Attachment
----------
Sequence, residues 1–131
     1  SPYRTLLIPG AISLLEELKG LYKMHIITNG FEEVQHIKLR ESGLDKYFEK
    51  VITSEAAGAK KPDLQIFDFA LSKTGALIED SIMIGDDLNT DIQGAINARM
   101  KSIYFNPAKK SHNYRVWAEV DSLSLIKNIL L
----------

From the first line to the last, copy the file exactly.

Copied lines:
Sequence, residues 1–131
     1  SPYRTLLIPG AISLLEELKG LYKMHIITNG FEEVQHIKLR ESGLDKYFEK
    51  VITSEAAGAK KPDLQIFDFA LSKTGALIED SIMIGDDLNT DIQGAINARM
   101  KSIYFNPAKK SHNYRVWAEV DSLSLIKNIL L